92nd American Meteorological Society Annual Meeting (January 22-26, 2012)

Wednesday, 25 January 2012: 5:15 PM
The NCAR 449 MHz Modular Wind Profiler Development
Room 239 (New Orleans Convention Center )
William O. J. Brown, NCAR, Boulder, CO; and S. A. Cohn and B. Lindseth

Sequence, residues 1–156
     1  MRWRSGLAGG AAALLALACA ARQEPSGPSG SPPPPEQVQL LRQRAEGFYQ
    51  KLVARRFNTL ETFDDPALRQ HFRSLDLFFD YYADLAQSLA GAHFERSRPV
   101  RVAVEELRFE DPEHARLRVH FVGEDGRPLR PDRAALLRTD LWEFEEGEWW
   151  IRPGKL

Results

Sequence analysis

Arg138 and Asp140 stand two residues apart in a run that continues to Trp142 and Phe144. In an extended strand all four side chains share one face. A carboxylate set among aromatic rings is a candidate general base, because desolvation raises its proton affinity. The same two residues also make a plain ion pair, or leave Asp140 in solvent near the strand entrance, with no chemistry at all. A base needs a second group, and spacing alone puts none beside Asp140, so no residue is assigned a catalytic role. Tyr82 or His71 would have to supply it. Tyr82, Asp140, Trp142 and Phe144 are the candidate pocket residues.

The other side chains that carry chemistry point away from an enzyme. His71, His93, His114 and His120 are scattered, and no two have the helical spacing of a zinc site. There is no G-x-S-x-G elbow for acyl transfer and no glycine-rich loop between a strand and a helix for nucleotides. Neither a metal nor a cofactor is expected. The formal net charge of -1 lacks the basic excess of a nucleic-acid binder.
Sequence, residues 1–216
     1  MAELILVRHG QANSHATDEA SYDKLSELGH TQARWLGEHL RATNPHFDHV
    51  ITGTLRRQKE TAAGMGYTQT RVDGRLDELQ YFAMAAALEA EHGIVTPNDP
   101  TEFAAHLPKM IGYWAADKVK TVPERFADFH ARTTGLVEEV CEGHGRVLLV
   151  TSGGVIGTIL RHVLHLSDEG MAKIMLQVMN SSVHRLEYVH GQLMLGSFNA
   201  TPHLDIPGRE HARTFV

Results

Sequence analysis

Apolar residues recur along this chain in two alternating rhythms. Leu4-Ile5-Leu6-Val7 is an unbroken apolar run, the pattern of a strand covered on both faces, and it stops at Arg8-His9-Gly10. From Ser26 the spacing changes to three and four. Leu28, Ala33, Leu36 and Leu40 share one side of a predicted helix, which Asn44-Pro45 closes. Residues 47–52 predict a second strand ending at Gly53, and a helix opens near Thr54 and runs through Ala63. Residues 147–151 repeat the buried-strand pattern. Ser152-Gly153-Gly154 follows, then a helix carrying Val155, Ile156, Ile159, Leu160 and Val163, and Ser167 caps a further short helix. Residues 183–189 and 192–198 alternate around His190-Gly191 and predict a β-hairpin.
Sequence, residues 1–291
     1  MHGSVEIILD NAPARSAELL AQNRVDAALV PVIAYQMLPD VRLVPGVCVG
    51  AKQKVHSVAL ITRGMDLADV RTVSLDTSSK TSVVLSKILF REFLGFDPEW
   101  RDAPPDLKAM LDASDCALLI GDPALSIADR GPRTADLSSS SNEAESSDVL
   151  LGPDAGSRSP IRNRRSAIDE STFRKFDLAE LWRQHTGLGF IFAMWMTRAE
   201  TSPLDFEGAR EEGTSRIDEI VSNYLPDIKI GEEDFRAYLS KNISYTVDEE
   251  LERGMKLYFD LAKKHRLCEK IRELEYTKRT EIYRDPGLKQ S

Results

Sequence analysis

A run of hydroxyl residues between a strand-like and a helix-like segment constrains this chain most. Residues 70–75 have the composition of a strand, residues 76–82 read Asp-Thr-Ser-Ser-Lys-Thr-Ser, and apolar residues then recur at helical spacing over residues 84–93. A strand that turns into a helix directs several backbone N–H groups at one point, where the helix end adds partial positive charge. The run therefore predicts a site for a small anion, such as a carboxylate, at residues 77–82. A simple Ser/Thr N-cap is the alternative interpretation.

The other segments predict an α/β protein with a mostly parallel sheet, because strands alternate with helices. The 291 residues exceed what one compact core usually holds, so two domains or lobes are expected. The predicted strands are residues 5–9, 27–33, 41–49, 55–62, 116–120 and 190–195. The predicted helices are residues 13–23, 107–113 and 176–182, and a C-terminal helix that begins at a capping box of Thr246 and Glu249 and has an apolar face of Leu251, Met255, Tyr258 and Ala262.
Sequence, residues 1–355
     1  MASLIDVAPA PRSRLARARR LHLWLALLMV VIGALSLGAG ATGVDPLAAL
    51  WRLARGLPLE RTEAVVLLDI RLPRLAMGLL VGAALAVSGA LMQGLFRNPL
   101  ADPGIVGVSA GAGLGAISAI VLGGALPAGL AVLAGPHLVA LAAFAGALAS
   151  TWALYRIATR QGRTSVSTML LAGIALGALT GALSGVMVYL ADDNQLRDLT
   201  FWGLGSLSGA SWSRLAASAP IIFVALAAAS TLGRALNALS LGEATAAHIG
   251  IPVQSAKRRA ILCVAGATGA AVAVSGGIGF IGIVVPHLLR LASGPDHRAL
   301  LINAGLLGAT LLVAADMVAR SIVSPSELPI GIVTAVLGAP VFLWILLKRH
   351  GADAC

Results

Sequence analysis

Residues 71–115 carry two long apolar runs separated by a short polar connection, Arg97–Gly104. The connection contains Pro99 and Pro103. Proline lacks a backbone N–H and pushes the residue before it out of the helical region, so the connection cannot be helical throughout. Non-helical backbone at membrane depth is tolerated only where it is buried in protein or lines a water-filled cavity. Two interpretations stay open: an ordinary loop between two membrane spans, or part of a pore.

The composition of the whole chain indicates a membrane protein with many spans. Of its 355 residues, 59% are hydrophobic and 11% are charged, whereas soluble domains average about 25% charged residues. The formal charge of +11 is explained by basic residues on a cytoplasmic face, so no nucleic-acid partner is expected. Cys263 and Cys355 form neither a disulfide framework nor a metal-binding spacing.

NCAR / EOL is developing a new wind profiler network to expand it's capability to observe the boundary layer and troposphere. EOL has deployed its existing four 915-MHz wind profilers on over 40 field projects over the last 20 years, however has only had limited flexibility with these boundary layer profilers to meet the widely varying needs of these diverse field programs. The new wind profiler consists of a set of modular panels that can be operated together in various groupings to provide flexible profiling capability at a range of scales. For example, the modules could be deployed as multiple small radars to study the boundary layer over an extended area. Alternatively, the modules could be combined together to create a larger radar capable of probing higher into the atmosphere. The new wind profiler operates at 449 MHz, and features a low side-lobe antenna design, scalable electronics and advanced signal processing methods. A prototype 3-module boundary layer system has already been developed and successfully deployed during the recent PCAPS (Persistent Cold Air Pool Study) experiment in the Salt Lake valley, and preliminary results will be presented. The system is currently being expanded to 7 modules. Ultimately at least 19 modules are proposed, which would allow six (3-module) boundary layer profilers, or two (7-module) mid-troposphere profilers, or one (19-module) full troposphere profiler to be deployed. The new system would be deployed with lidars and other sensors and is intended to meet the diverse needs for the studies of the surface layer, boundary layer, free troposphere, and tropopause, and thus support a broad range of meteorological and climate research.

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